EGRP's Research Interest Areas
NCI's Epidemiology and Genomics Research Program (EGRP) provides opportunities for investigators to increase understanding of cancer causes and prevention in human populations.
Interest Areas by Branch
- Clinical and Translational Epidemiology Branch
Clinical and translational epidemiology, including factors that influence development of cancer among persons with underlying diseases and conditions; the progression, recurrence, and mortality from cancer; and development of new primary cancers.
- Environmental Epidemiology Branch
Modifiable risk factors to reduce cancer risk in humans, such as diet and nutrition; alcohol; physical activity and energy balance; tobacco; infectious diseases; physical and chemical agents; and medical exposures, including medications and treatments.
- Genomic Epidemiology Branch
Host susceptibility factors that influence personal susceptibility to cancer in humans, such as genetic, epigenetic, immunological, hormonal, and biological pathways; and social, cultural, racial, and ethnic factors.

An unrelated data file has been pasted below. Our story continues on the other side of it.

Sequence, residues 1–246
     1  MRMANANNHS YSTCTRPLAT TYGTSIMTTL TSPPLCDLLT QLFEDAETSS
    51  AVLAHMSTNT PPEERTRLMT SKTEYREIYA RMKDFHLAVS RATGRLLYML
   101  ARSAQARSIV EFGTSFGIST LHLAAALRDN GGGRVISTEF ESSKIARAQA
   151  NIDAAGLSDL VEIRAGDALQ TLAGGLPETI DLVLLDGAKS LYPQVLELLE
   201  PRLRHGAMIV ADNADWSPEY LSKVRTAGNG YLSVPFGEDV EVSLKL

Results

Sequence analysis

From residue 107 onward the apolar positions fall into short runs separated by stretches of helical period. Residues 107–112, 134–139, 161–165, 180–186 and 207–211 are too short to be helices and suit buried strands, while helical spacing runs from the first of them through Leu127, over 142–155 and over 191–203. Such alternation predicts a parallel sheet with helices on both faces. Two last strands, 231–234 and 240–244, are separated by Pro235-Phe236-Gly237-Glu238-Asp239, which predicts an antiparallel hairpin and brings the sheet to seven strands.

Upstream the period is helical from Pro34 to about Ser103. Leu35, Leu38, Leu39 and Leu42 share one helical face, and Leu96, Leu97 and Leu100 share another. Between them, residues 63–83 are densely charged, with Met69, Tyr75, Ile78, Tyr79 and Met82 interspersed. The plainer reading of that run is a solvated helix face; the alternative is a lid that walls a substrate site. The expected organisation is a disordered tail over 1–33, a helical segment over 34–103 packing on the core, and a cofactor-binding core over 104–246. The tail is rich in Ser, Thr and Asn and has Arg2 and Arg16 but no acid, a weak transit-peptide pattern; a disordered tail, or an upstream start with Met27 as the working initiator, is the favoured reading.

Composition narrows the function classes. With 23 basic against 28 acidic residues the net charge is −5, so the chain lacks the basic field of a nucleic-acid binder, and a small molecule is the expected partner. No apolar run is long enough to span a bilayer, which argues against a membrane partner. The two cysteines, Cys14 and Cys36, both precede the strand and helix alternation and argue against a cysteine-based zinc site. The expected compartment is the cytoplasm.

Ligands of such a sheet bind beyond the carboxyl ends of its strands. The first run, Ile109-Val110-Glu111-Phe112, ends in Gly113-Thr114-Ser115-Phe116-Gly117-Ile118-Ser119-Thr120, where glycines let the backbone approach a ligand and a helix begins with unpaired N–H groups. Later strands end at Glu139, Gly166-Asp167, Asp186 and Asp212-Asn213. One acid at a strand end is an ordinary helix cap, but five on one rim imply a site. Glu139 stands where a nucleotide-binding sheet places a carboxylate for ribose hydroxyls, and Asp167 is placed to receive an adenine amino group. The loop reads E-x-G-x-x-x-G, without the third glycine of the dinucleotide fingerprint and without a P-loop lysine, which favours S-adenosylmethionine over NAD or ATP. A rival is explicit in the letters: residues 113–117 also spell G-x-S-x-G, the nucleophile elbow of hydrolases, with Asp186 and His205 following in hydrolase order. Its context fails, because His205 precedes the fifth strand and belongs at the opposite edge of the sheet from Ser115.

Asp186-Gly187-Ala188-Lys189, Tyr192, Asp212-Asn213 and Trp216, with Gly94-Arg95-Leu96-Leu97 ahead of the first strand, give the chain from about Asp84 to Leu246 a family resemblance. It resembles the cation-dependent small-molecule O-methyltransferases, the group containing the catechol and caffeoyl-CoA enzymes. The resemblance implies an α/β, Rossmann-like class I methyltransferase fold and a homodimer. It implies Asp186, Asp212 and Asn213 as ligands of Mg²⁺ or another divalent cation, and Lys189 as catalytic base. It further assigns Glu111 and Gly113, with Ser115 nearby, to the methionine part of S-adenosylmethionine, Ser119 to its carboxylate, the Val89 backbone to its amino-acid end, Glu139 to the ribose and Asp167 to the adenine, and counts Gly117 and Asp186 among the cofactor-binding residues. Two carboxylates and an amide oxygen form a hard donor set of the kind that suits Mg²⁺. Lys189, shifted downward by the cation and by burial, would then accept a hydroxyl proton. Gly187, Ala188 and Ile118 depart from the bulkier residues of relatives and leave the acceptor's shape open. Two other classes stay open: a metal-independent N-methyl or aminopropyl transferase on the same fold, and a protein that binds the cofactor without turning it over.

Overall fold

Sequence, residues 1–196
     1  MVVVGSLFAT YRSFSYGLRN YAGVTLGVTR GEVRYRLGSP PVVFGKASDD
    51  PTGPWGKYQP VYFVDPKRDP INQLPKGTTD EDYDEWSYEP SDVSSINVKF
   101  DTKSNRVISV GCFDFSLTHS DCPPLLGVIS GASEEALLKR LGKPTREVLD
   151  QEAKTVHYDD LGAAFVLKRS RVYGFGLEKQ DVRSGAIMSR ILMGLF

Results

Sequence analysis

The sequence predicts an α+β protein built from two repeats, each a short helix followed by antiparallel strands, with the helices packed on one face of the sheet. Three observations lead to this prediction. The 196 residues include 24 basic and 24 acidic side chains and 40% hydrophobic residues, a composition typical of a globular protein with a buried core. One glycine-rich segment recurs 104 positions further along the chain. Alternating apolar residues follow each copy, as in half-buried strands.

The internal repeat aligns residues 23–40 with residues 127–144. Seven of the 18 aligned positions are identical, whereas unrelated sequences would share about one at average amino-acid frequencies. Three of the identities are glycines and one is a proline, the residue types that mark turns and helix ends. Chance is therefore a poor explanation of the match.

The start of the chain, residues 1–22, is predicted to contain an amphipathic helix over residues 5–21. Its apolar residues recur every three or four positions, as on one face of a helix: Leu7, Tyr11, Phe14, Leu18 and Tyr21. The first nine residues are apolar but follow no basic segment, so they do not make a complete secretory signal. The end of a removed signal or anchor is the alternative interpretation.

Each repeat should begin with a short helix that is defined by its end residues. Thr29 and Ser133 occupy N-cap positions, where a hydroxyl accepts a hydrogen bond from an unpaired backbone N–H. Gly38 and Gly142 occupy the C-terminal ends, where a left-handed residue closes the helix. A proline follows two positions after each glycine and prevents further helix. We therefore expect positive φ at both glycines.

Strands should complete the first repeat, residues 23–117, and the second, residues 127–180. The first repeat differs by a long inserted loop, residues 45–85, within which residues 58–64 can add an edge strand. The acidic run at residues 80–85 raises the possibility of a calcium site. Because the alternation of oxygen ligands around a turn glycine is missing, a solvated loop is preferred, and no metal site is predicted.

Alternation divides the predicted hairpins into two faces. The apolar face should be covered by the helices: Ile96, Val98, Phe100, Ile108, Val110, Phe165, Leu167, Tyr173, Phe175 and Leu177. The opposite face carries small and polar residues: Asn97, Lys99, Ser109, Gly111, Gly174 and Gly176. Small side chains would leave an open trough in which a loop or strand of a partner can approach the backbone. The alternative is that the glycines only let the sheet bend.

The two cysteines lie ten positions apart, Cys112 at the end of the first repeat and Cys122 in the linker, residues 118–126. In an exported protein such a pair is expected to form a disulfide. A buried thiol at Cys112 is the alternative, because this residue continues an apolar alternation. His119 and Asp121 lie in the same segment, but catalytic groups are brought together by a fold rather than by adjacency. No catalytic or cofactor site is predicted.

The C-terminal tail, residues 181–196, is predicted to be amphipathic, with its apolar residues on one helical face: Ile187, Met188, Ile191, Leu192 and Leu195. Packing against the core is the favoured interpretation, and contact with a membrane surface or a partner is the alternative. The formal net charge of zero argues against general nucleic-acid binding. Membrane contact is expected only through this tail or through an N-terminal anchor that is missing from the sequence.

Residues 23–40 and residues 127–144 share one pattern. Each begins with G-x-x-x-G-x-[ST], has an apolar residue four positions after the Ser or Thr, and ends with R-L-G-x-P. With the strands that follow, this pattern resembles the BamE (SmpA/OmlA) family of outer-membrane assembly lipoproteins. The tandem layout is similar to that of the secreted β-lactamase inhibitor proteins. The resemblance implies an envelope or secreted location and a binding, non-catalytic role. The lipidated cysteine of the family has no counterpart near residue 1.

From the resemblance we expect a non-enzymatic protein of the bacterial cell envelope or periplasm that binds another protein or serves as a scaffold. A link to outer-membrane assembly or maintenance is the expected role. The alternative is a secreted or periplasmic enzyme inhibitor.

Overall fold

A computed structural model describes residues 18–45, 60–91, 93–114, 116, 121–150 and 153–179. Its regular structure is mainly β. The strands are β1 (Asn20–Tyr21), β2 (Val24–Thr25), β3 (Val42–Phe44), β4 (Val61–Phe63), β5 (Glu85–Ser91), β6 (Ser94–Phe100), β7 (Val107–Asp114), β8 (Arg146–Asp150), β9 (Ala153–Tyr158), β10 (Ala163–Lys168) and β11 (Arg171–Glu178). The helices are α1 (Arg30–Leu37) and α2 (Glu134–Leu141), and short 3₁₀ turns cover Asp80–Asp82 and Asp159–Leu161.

- Methods and Technologies Branch
Methods and technologies for epidemiologic data collection, study design and analysis, and development and adaptation of laboratory and technical approaches for large studies in human populations.
- Risk Factors Assessment Branch
Development, evaluation, and dissemination of high-quality risk factor metrics, methods, tools, technologies, and resources for use across the cancer research continuum, and the assessment of cancer-related risk factors in the population.
EGRP-Supported Webinars, Seminars, and Workshops
The Epidemiology and Genomics Research Program sponsors webinars, seminars, and workshops to identify barriers and gaps in cancer epidemiology and to advance solutions to study in specific areas.
View Webinars, Seminars, and Workshops
Grantee Research Highlights
Highlights of recent research reported by grantees supported by EGRP, nominated by extramural investigators, and selected by EGRP Program Staff based on scientific merit, innovation, and/or potential public health impact.
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